Not surprisingly after such an experience Russia is no longer prepared to agree to more such Resolutions. This is not because of some childish sulk. Rather it is an inevitable consequence of the collapse of trust, which is bound to happen when Security Council Resolutions are misused in this way. It can only add insult to injury that the western powers are apparently so little embarrassed by the fact that they breached the Resolutions that they can scarcely be bothered to deny the fact or even attempt to excuse or justify what they did.
The result is that it has now become extremely difficult to pass through the Security Council even Resolutions which on the face of it might improve the situation in Syria. For example it is now very difficult to see Russia agreeing to a Security Council Resolution that imposed an arms embargo on Syria. Libya shows only too clearly what would happen if such a Resolution imposing an arms embargo were ever agreed. The western powers would use the mandate they would say the Resolution had given them to impose a blockade of Syria’s borders and coast. At the same time they would step up their supply of arms to the rebels. The events in Libya (and previously in Yugoslavia) show that the fact that an arms embargo would prohibit this would in no way stop them. A Security Council Resolution imposing an arms embargo on Syria would therefore cause the flow of arms to Syria to increase with the rebels being armed but not the government.
Given that Russian and Chinese leaders and spokesmen have been very clear in explaining the position of their countries on the Syrian crisis and the reasons for it I assumed until a few days ago that in reality this position is well understood in the west and that most of the false and misleading commentary that one reads is simply the product of the usual ill informed journalism spiced up with a certain amount of propaganda. The events at the G20 summit make me less sure.
The stories that have appeared in the international media about the Russian sale of helicopters to Syria and about Russian ships and troops being sent to Syria and about Russia engaging in secret talks about Syria and about a possible Yemen variant being prepared for Syria look to me like softening up exercises prior to Putin’s meetings with Obama and Cameron at the G20 summit. Reading between the lines of the joint US Russian statement issued by Obama and Putin following their talks and reading also some of the more excited commentary that has appeared in the British press following Cameron’s meeting with Putin (obviously provided to the press by members of Cameron’s entourage) it seems Obama and Cameron presented Putin with proposals for a solution to the Syrian crisis. These were obviously made on the assumption of the “transactional” nature of Russian foreign policy. These proposals were the highly trailed deal whereby Russia persuades Assad to stand down as part of some sort of Yemen style settlement in return for US and British guarantees to Russia to respect Russian interests in Syria and its naval base there.
To Obama’s anger and to Cameron’s bewilderment Putin said no. Journalists noticed the grim body language and suppressed anger at Obama’s and Putin’s joint press conference. Whilst Syria will have been only one of the many subjects of their discussion (which lasted an extraordinary two hours) it is clear that it was amongst the most contentious. Latest reports from Russia even suggest that the discussion on Syria took up a third of the whole meeting, which would mean that it must have gone on for an astonishing forty minutes. Cameron, who seems genuinely committed to an improvement of relations with Russia, appears for his part to have misconstrued Putin’s confirmation that Russia’s policy is not to support Assad. As I have said and as the Russian Foreign Ministry has since the meeting with Cameron been at pains to point out, this is simply a restatement of what has been Russian policy all along. Cameron however made the usual western mistake of seeing this comment as a sign that Russian support for Assad is weakening. This interpretation was the one given by Cameron’s officials to the British press provoking an angry response from Lavrov, who went on Russian radio to deny it.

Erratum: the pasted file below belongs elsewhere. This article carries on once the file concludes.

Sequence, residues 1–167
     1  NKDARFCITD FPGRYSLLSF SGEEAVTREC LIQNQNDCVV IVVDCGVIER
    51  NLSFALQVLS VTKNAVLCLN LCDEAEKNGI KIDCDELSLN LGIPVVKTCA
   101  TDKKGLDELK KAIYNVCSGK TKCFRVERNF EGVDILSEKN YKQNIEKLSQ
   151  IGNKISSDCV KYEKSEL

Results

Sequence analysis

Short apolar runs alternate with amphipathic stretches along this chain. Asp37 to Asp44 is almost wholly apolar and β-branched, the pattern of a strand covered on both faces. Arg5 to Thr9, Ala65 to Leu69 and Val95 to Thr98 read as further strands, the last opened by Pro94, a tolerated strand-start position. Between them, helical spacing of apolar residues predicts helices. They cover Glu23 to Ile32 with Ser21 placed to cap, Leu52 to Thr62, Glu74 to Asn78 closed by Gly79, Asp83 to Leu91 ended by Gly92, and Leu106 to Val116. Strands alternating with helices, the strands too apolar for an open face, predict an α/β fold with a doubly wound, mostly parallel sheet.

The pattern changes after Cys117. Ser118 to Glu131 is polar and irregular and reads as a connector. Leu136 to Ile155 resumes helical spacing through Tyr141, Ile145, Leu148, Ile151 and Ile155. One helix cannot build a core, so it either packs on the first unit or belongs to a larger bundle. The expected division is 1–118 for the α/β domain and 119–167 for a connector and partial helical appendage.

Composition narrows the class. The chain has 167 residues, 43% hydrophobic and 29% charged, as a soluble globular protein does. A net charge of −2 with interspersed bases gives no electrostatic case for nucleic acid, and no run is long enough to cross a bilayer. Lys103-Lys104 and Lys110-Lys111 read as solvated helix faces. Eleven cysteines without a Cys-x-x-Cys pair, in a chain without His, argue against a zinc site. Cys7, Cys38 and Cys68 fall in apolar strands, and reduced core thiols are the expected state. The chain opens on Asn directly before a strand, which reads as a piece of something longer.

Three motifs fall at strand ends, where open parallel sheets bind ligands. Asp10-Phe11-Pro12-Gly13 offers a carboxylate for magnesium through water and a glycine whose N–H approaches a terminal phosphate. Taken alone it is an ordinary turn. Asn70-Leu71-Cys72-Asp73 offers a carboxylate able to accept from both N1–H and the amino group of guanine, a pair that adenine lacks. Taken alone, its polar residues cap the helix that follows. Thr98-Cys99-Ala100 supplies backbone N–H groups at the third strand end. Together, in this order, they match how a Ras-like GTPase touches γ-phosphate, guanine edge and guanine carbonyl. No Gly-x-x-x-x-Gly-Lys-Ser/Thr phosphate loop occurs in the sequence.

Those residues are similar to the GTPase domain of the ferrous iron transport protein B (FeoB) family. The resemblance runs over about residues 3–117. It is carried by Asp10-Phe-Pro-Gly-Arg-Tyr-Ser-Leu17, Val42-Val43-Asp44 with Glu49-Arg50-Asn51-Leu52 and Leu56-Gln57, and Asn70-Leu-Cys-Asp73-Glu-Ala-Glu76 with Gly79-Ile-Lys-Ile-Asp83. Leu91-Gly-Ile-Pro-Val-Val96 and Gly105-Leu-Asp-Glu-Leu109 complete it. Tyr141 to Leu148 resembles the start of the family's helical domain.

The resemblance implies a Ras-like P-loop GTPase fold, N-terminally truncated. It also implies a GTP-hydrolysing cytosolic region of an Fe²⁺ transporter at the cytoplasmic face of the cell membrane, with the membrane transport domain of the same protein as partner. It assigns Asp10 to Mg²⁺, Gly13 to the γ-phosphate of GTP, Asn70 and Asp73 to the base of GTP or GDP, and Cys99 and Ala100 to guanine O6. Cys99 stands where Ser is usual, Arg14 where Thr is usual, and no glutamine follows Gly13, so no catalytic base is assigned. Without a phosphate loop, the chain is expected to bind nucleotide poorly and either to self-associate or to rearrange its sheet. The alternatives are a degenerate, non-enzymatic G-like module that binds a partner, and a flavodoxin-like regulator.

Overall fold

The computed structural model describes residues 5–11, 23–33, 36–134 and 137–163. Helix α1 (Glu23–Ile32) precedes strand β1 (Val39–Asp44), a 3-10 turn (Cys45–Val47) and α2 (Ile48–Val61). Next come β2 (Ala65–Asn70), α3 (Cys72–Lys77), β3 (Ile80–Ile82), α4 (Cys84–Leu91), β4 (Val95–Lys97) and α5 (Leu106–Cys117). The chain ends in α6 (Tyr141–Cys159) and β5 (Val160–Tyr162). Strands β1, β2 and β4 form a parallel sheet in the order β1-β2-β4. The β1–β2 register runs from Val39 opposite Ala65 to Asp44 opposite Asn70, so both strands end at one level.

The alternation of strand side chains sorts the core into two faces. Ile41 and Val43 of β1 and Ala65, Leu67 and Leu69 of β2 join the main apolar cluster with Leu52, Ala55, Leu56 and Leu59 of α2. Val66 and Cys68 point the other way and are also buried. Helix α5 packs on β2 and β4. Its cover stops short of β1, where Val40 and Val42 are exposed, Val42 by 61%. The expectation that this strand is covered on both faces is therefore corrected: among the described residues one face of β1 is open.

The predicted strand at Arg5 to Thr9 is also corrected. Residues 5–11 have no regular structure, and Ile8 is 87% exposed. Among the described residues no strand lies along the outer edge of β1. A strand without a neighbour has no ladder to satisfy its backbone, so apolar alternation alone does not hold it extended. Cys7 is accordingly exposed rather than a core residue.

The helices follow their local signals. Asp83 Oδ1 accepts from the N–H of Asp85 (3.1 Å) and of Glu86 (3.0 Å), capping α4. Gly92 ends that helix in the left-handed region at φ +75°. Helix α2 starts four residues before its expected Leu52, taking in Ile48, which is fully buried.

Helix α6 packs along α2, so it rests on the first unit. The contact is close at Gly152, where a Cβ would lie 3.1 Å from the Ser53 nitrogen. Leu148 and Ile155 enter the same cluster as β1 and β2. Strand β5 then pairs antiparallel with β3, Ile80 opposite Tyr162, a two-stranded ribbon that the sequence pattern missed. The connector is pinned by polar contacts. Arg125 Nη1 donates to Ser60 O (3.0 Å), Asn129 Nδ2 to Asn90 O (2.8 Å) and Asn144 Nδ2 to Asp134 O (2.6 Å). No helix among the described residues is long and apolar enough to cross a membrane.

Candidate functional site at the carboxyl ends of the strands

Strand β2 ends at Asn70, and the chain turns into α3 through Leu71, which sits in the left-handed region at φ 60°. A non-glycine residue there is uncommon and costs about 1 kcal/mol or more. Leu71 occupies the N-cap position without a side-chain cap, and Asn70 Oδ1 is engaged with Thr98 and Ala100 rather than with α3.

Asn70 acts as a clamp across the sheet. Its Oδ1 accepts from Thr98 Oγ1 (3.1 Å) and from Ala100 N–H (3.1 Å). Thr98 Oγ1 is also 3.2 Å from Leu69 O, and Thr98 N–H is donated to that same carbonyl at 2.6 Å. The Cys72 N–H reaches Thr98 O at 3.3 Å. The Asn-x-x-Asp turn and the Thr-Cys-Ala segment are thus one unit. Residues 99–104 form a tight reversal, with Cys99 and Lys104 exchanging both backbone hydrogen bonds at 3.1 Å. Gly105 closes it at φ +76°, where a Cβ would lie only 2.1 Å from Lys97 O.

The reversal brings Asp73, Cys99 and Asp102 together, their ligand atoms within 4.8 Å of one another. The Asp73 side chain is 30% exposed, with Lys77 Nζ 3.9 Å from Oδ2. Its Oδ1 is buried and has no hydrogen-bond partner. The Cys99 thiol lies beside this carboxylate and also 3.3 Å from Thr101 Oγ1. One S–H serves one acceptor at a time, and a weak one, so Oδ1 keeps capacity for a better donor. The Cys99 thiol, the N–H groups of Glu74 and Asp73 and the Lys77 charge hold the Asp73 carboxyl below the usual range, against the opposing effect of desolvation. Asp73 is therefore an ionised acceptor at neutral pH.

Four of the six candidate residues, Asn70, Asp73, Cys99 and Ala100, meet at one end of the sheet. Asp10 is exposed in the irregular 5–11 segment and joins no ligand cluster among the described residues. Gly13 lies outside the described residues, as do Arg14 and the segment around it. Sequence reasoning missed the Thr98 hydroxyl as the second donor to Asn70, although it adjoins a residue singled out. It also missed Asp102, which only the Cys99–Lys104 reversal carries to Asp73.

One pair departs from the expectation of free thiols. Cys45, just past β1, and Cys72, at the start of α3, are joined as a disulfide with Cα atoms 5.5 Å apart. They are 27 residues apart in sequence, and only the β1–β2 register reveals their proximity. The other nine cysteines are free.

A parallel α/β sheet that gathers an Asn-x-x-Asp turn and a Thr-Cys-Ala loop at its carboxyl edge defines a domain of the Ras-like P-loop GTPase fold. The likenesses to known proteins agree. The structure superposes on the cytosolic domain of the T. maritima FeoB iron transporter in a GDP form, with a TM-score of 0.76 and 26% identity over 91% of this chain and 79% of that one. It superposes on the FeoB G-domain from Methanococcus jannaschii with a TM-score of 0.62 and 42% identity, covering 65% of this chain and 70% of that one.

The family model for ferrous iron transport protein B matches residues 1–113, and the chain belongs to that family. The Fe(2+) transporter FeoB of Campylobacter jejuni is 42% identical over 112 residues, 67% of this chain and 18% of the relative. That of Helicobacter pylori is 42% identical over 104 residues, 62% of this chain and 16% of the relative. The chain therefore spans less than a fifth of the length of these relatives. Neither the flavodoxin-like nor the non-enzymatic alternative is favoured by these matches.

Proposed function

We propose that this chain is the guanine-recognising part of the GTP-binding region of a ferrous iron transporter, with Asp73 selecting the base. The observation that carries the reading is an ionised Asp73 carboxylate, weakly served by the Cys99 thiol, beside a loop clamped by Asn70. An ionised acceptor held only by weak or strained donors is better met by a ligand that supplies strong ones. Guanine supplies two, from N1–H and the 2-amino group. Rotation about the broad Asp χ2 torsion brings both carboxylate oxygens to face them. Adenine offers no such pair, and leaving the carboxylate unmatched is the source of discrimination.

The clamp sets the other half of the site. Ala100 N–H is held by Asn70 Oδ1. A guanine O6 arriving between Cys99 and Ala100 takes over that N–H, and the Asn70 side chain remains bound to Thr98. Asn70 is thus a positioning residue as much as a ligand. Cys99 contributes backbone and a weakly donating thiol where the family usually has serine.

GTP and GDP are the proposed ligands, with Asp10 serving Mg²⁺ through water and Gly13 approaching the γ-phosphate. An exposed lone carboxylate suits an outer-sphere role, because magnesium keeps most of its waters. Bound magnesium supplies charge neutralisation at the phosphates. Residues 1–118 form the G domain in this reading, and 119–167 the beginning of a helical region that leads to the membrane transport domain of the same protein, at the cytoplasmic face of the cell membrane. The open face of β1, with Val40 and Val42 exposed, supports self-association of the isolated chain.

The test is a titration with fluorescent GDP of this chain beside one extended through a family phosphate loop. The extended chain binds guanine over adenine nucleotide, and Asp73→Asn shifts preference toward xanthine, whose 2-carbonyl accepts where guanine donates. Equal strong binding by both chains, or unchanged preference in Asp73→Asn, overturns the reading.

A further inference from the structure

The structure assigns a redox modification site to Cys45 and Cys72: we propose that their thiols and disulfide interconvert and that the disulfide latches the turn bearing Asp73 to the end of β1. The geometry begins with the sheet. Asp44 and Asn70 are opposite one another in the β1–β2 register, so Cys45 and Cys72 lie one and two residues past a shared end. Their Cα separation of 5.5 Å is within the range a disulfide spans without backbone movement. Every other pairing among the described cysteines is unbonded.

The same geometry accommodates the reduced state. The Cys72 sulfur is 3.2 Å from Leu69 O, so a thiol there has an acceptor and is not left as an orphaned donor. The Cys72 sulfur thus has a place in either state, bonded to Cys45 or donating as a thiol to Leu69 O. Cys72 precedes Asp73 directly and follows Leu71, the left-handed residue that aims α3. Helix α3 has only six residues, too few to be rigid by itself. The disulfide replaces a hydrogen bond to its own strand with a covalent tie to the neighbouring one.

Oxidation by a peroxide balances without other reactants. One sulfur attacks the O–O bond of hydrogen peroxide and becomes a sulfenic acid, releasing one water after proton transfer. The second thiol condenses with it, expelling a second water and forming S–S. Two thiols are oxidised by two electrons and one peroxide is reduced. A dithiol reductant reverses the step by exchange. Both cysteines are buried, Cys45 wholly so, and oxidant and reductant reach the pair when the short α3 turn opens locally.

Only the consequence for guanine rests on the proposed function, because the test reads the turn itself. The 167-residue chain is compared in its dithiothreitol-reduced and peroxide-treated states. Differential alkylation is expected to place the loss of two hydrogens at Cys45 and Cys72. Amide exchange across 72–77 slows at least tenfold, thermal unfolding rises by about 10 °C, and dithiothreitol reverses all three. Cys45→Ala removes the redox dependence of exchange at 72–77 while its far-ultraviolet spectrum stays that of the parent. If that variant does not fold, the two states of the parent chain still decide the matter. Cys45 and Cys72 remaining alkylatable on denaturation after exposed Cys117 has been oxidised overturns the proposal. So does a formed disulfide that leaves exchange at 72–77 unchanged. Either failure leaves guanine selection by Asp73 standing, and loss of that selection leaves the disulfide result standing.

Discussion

I do not understand why Russian policy towards Syria is so difficult to understand. Doubtless the US and Britain find it difficult to take no for an answer. Deep down however I suspect western leaders and diplomats cannot bring themselves to believe that governments like those of Russia and China have a deeper commitment to international law than they do.
None of this of course means that an attack on Syria is ruled out. The Yugoslav bombing war of 1999 and the Iraq invasion of 2003 show that the United States and its allies are in the end prepared to act without Security Council authorisation if the desire to do so is strong enough. Doing so would of course be illegal but that has not prevented them from taking such action in the past and there is no reason to think it will prevent them from taking similar action in the future. The Russians and Chinese as realists understand this very well. However what the Russians and the Chinese can do is ensure that when that action is taken it is taken without the authorisation of the Security Council. They will not then have countenanced it and the action will still be illegal. For the Russians and the Chinese that matters more than preventing the action itself.